Decisions is a series dedicated to the choices we make in our lives and the factors that led us to our given resolutions. We welcome guest posts to this series to hear about how you’ve tackled a life decision. Email your story ideas to email@example.com.
Today, contributor Meryl Williams explains why she’s leaving Portland, Oregon, to return to her home state of Ohio.
I’m Moving Back to My Home State After Six Years Away
Six years ago, I quit my day job and moved from Columbus, Ohio, to Chicago. I lived there for five years and then decided while on a solo vacation to move across the country to Portland, Oregon. (Did I mention this was after a breakup and a quarter life crisis?)
Weirdly, the Portland move was easier on me than the cross-Midwest jump, but unlike Chicago, Portland didn’t quite stick the way I envisioned. Now I’m moving back to the Midwest, back to Columbus. I think there are a lot of reasons for it, and none of them are anyone’s fault.
I felt shell-shocked when I landed in Chicago. It was a much bigger city than I was used to, and I felt undeserving of the job I got after four months of underemployment (surrounded by other 20-somethings who also had never worked for a start-up before). I couldn’t convince myself at the time that I was equally worthy of being there. I was 24 and crippled by imposter syndrome.
Shortly after I got to Chicago and started my job, I experienced the vivid, plunking realization I was not as special as I’d let myself believe. I was not alone in having moved from another city to be in Chicago. In fact, almost everyone I became friends with was a transplant, whether it was from Michigan or Arizona or Utah or Washington or another country. My fellow Ohioans and I were a dime a dozen; there were just so many people in Chicago. It was exciting but intimidating at the time.
It took a long time to feel like I belonged in Chicago. I remember when it happened; it was eight months after I moved, but only a couple of months after I got the start-up gig. I was driving back to Chicago after an Ohio visit to celebrate my niece’s second birthday. I was driving through Indiana blasting the Decemberists album that came out that year, feeling fully the independence I was enjoying even though I was broke and I missed my family.
That moment didn’t really come with Portland, but I think it’s largely because I didn’t let it.
Moving to Portland meant leaving a big pool for a smaller, but growing, one. It was easier to find and identify the players in local media, roller derby and other areas I was interested in. I interacted with some of them on Twitter before I even got to town. I was a lot more confident at age 29, and I’d gotten good at changing cities by then. A lot of what I learned ended up paying off. I jumped right in with my local roller derby rec league and started freelancing for a local alternative weekly paper. I joined a writers group and made friends at a co-working space I’d found for myself before I got there.
Portland is full of transplants too, arguably in a more noticeable way than Chicago. The difference is, a large majority of those transplants migrated north from California, particularly the Bay Area, after either getting priced out or seeing the cheaper housing opportunities in Portland. I’m the only former Chicagoan in my circle, and one of very few Ohio natives. I feel less shame in telling Portlanders I came here from the Midwest because the general attitude among them is, well, at least you didn’t come here from California.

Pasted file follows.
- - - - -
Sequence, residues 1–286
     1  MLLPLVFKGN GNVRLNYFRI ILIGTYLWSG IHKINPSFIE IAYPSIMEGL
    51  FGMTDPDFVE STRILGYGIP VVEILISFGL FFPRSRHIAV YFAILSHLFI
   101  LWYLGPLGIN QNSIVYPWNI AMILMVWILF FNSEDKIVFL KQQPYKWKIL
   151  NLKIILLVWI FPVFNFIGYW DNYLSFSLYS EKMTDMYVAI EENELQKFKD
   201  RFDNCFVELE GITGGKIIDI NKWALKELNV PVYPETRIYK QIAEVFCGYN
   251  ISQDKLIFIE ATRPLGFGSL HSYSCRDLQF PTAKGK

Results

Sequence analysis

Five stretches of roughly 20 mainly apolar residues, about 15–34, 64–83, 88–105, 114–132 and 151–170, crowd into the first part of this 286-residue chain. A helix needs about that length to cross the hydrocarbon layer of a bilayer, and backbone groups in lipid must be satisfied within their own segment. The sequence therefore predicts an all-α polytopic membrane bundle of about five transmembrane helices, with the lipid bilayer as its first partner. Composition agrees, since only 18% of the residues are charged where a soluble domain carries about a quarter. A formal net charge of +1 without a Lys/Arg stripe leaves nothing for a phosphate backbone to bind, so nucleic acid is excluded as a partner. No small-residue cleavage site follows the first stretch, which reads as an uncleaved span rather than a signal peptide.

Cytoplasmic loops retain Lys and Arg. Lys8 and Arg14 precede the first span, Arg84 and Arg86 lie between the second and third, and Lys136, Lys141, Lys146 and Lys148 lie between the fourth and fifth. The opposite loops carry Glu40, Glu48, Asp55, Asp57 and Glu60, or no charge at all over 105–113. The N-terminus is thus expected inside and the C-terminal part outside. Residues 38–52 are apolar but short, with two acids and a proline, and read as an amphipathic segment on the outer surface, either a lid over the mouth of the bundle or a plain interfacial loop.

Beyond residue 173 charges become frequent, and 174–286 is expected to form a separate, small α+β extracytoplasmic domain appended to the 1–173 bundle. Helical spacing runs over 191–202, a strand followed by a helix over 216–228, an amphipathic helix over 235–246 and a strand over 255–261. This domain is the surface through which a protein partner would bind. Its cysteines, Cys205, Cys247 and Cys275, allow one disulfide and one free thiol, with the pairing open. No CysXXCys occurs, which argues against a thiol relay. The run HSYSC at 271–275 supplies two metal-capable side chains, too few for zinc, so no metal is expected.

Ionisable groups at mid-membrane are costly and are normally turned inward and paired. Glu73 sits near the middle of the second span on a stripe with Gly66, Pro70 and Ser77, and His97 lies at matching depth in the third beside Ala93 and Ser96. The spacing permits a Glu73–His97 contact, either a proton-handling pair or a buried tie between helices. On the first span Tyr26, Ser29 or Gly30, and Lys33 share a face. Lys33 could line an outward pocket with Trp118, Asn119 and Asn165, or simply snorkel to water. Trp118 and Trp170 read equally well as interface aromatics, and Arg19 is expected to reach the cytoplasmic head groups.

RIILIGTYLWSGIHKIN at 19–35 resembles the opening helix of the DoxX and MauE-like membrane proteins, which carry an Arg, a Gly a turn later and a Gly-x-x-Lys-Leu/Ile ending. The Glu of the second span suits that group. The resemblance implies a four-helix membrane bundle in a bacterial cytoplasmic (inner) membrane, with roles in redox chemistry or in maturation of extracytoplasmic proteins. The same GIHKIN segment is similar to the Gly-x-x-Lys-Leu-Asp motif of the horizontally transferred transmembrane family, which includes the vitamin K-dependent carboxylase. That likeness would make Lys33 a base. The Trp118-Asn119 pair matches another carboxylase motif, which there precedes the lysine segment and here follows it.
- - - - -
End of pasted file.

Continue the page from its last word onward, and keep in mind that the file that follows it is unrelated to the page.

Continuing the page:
Even three years ago, the idea of going back to Columbus meant that something in The Plan had gone horribly wrong. I considered it back then, when my serious relationship was failing, and I couldn’t find a good job in my field. Luckily, a better gig came along at last, and I moved on from the dude with whom things weren’t working. Thanks to that better job, I’m able to work remotely and no one at my company minds if I’m in the Pacific Northwest or the Midwest. It meant I got to try a year in Portland, and I’m thankful for it.
I’ve grown a lot in the last five years, and even in just the last two. I’ve been single the whole time I’ve been in Portland, and while I don’t plan to stay that way forever, I’m grateful for what that status afforded me during my year in the Pacific Northwest. I met a bunch of awesome women I love being around; I lived by myself for the first time, not counting the months after a live-in breakup; I finished the first draft of a book I wanted to write. I don’t think I could have done that if I had stayed comfortable in Chicago.
Now, I find myself looking into local roller derby rec leagues and co-working spaces in Columbus – the exact same things I was doing just a year ago, in preparation for getting to Portland. I just made a Twitter list of Columbus writers and creatives I want to meet up and work with. I can’t believe how excited I am to go back to a city I left six years ago. I have two nieces now, and they’re 7 and almost 4. I can’t wait to have them over for weekends in the city and to be there in person for birthday parties again.
I don’t regret moving to Portland, and I am glad I did so without a ton of expectations. A lot of good things came of it, and now I’m ready to go home. I have no idea how long I’ll stay in Ohio, but I can feel how much I need it at the moment.
Meryl Williams is a writer working on a collection of essays about learning to play roller derby. If you want to see more of her writing, sign up for The Sleeper Hit newsletter or find her on Twitter (@merylwilliams).
(All these lovely Portland photos provided by Meryl.)